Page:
Learning by Thinking: How Reflection Aids Performance
Knowledge is an important element of productivity. If follows that the acquisition of knowledge is equally important to your long-term success. But how do you learn? And how do you find time?
A 2014 research paper titled Learning By Thinking: How Reflection Aids Performance offers some keen insights. Basically, there are two types of learning: learn by doing (experience), and learn by thinking (reflection). It turns out that the most powerful way to learn is a combination of both.
The authors define “reflection” as an intentional attempt to synthesize, abstract, and articulate the key lessons taught by experience. Reflecting on what has been learned makes experience more productive. Here are a few highlights from the paper.
- The automatic, unconscious process of learning generated by “doing” becomes more effective if deliberately coupled with the controlled, conscious attempt at learning by “thinking.”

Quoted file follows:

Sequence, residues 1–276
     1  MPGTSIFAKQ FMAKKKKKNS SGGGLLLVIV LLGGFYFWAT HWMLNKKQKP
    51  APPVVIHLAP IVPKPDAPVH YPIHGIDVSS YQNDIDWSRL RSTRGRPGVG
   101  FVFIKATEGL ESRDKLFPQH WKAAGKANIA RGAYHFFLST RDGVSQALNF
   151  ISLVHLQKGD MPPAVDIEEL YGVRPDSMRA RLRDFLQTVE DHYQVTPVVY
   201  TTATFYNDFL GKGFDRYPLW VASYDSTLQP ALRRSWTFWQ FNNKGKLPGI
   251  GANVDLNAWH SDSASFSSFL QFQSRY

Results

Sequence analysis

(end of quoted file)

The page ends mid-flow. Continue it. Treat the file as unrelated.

- A person learns through developing different interpretations of new or existing information, that is, through developing (consciously or unconsciously) a new understanding of surrounding events.
- Reflection builds one’s confidence in the ability to achieve a goal, which in turn translates into higher rates of learning.
What do you think? How does reflection help you learn? Does learning from your experiences make you more self confident?
- Read the paper…
- Check out my series on The Rhythm of Productivity.
Originally published May 30, 2014. Update January 21, 2020.
Heather Hollick has been helping others become better leaders and craft more meaningful careers for more than 25 years. Her experience spans both business and technology, operations and organizational development. Oh, and she was born in Canada, so she can't help but be helpful. 😉
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